About the Project

The Doha Development Round (DDR) of trade negotiations began in November 2001, committing all member countries in the WTO to negotiations for opening their agricultural and manufacturing markets and services sectors. As the negotiations unfold, and indeed in recent times not with the desired pace and with frequent interruptions, it is crucial for all the participating members to quantitatively evaluate the impact of the possible outcomes on their economies. Ideally, insights gained from such prior evaluations must serve as inputs for framing the negotiating position of each member country so that outcomes correspond to a win-win situation for all sides. Over time, the use of such detailed and accurate inputs by all countries will ensure that negotiations would be conducted with more faith in their ability to benefit all affected parties.

Recognising the lack of extensive studies in the context of India and with the objective of providing Indian negotiators with pointers on the domestic welfare and poverty impact of possible multilateral agreements reached through the Doha Round through rigorous quantitative analysis, CUTS International, Jaipur conducted a research project entitled ‘Doha Round Impacts on India: A Study in a Sequential Dynamic CGE Framework’. The research involved use of a dynamic computable general equilibrium (CGE) model, which has several distinctive features, making it an ideal tool for analysing the mentioned impacts.

The model is used to deduce the quantitative effects of various scenarios in regard to multilateral liberalisation emerging from the DDR on incomes and incidence of poverty across occupational categories and sectors comprising the Indian economy. The various possible scenarios that are envisaged in this study are as follows:

  • Multilateral liberalisation of agriculture with developing and developed countries reducing their tariffs to different extents, removal of export subsidies and reduction of domestic subsidies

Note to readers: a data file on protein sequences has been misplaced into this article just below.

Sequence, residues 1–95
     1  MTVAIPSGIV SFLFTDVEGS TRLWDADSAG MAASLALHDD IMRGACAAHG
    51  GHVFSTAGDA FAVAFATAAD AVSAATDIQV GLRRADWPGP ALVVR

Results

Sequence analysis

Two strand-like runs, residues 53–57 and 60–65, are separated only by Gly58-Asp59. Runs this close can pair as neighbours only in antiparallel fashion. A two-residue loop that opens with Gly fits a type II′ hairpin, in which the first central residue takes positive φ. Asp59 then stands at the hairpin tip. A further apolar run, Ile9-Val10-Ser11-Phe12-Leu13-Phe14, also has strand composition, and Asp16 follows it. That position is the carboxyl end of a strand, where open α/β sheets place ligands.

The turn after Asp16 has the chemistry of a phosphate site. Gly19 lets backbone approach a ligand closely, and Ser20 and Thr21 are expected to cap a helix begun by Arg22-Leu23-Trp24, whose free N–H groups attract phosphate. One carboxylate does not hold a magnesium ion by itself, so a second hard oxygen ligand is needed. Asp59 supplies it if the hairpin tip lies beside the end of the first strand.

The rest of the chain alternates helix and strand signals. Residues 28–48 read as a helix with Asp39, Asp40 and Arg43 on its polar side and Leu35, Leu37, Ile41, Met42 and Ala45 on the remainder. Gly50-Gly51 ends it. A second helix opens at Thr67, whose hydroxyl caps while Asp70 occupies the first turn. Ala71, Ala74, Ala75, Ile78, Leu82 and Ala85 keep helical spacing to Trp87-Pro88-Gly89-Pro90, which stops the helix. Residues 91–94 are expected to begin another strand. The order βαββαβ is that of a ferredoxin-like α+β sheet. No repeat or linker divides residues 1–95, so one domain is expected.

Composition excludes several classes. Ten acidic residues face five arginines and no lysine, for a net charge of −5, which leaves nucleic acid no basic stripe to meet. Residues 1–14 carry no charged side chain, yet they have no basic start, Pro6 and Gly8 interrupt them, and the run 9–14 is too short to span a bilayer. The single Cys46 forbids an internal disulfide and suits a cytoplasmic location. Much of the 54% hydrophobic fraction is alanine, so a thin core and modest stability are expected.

• Similar tariff liberalisation in manufacturing

  • Simultaneous liberalisation of both sectors in the manner mentioned above

  • Liberalisation of service sector trade

The study yields certain nuanced results which throw light on the benefits of participation in the DDR for India. It shows that agricultural trade liberalisation is superior in the Indian context to the liberalisation of trade in industrial goods with the former scenario leading to rise in GDP and welfare accompanied by a fall in headcount index of poverty in both long and short runs. While services trade liberalisation would also generate positive outcomes for the Indian economy in general, certain sectors may suffer from short term contraction as small and medium firms in these sectors try to adjust to competition from foreign producers.

The study is not only useful for guiding India’s participation in the DDR negotiations but would encourage other developing countries to also undertake similar studies so that participation of the developing world in the DDR becomes more productive and promotes their self interest better.


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Last updated: July 19, 2015

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